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I'm working on a game which could potentially generate rather large save files, and so I'd like to find the smallest (most efficient, if you will) method of saving the game's data. I would need to save block types along with entity positions. Would a binary approach generate a smaller file than a text-based one? If so, how do I store the binary data?

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    \$\begingroup\$ It seems to me like you are overanalyzing this. Does it work for you? When yes, why change it? When no, what drawbacks did you notice? \$\endgroup\$
    – Philipp
    Sep 13, 2013 at 21:33
  • \$\begingroup\$ @Philipp It works absolutely fine, but I've never really seen this tactic implemented in a game, which leads me to believe that I should be doing something else. Additionally, I'm going to eventually need to implement a level saving system in another game which could potentially create quite large save files, and so I believe that storing information in plain text could perhaps be inefficient on such a large scale. \$\endgroup\$
    – caseif
    Sep 13, 2013 at 21:36
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    \$\begingroup\$ Whatever you program, there is never the right way to solve a common problem. Only the way which works best for a specific project. \$\endgroup\$
    – Philipp
    Sep 13, 2013 at 21:38
  • \$\begingroup\$ @Philipp Perhaps this specific project would be best with plain-text saves, but I believe I'll need to find another way of saving the data for a separate project. \$\endgroup\$
    – caseif
    Sep 13, 2013 at 21:41
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    \$\begingroup\$ Please note that "text" is "binary," it just has a human friendly editor called Notepad.exe. The choice is all about perspective and what you need it for =) \$\endgroup\$ Sep 14, 2013 at 19:39

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It's not just about storage efficiency (and with today's disk sizes it could be argued that storage efficiency is among the least of your concerns), it's also about how fast it is to load data and how easy it is to translate your loaded data into something you can use.

For speed of loading, binary wins hands-down. It can be just as simple as a single fread into a previously allocated pointer, then your data is loaded and you're ready to go.

For translating that into something you can actually use, I'd argue that's more of a design issue than a format issue. If you build a design that requires complex and involved serialization, then it's going to require complex and involved serialization, irrespective of whether you use text or binary. On the other hand if you design simpler, then binary can win again - that single fread can result in everything you need loaded and correctly in-place, compared to having to write and debug a text-parser.

If despite this you still opt for text, then I'd advise that you at least design a single common format that you can run through a single common parser, otherwise you'll end up with multiple different, specialized, and useless-for-anything-else text-parsers in your code. Which is OK if you like writing text-parsers but not OK otherwise.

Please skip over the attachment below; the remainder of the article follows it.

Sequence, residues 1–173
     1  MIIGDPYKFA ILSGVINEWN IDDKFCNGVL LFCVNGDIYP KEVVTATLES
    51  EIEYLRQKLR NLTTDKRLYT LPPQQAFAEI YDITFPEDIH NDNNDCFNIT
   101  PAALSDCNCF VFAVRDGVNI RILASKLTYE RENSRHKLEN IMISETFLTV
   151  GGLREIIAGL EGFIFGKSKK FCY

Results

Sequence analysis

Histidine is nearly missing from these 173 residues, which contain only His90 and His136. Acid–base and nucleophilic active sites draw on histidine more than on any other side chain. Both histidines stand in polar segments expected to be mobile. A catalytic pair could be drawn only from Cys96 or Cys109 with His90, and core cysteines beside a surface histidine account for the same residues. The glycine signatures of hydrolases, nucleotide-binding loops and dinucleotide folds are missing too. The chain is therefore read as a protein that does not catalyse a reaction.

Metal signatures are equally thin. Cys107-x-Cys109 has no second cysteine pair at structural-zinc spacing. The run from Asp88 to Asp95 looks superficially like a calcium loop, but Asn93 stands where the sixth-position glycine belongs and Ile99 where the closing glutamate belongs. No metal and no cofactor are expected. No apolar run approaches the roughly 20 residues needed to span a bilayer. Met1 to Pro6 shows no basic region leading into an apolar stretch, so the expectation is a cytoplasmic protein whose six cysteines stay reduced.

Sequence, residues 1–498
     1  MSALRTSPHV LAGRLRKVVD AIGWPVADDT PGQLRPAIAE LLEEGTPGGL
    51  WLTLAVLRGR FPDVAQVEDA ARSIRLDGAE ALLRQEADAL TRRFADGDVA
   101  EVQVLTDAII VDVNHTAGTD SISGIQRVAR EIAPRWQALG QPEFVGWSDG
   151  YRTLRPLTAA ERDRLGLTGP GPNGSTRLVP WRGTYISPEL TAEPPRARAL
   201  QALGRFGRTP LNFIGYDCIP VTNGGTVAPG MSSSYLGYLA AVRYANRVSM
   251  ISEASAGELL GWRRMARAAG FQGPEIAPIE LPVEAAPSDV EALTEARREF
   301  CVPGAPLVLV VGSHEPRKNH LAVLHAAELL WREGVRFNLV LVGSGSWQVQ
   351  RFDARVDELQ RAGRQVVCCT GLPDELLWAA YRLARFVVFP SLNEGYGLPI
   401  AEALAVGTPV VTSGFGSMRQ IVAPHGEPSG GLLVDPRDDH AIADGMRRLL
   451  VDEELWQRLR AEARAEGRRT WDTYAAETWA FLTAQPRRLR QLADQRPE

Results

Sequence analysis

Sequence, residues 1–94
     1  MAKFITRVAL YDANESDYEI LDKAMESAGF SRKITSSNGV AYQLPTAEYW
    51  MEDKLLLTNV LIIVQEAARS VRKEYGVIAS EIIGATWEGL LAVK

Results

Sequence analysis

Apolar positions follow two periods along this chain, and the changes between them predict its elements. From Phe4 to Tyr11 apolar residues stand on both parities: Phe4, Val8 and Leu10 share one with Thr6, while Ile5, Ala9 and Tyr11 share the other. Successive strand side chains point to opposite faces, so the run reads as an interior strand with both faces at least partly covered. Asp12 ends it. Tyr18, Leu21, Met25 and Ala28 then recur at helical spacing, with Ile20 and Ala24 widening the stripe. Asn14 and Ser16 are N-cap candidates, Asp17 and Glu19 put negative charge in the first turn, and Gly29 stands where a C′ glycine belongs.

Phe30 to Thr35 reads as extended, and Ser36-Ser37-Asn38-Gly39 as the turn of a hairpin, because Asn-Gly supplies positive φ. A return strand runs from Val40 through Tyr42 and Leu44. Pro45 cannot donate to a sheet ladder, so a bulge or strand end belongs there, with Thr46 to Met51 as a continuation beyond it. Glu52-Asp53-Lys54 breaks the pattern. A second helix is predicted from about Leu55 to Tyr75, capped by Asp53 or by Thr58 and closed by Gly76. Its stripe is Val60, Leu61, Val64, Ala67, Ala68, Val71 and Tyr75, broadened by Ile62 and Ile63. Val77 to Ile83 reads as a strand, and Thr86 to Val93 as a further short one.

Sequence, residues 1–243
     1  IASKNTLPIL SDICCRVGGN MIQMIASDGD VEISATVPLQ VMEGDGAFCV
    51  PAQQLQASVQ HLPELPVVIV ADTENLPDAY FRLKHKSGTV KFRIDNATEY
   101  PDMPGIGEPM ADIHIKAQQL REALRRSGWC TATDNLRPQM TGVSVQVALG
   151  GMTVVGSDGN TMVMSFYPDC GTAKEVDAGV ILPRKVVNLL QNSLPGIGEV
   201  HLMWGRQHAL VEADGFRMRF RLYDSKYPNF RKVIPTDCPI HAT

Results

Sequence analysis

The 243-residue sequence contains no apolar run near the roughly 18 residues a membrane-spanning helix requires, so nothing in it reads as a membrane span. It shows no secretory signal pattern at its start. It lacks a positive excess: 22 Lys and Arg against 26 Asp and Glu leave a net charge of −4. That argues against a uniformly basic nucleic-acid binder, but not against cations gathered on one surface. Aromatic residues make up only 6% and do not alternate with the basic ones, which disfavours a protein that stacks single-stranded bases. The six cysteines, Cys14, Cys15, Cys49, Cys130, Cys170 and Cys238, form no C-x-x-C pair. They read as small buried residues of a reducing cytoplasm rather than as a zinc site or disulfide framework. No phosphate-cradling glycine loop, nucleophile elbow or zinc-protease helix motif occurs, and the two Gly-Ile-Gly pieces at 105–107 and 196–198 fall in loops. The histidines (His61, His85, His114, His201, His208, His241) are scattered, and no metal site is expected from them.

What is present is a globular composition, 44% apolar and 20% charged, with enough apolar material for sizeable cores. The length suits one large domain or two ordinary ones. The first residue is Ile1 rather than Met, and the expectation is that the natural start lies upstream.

Ultimately it's up to you. Text does have the oft-cited advantage of being human-readable, but is that important for what you want to achieve? Are you designing a format to be read by humans or read by a machine? If you want human-readability then text is the way to go, if you don't need it then you should seriously consider binary.

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  • \$\begingroup\$ Yeah, I think binary sounds like the best choice for this scenario. There doesn't seem to be a downside, especially considering the fact that the files won't ever be read by humans anyway. \$\endgroup\$
    – caseif
    Sep 14, 2013 at 2:46
  • \$\begingroup\$ The downside to binary systems is that they aren't very extensible. Proprietary formats require manual modification of code if you want to make most changes to the file format. This can be a problem for content pipelines that have multiple tool sets leveraging the same format. Human readable formats such as XML or JSON or whatever make iteration quicker at times, because the files can me hand modified, and you don't need engineers to work with simple iteration. Its not uncommon for tagged parsing to be used in dev, and binary load-and-go for release. \$\endgroup\$
    – Evan
    Sep 14, 2013 at 14:29
  • \$\begingroup\$ @Evan you can make binary extensible and you can make text non-extensible \$\endgroup\$ Sep 14, 2013 at 16:29
  • \$\begingroup\$ @ratchetfreak How exactly would that work? \$\endgroup\$
    – caseif
    Sep 14, 2013 at 16:45
  • \$\begingroup\$ minecraft's NBT format is very extensible, and I have seen (and admittedly created) a non-extensible text based format \$\endgroup\$ Sep 14, 2013 at 17:16

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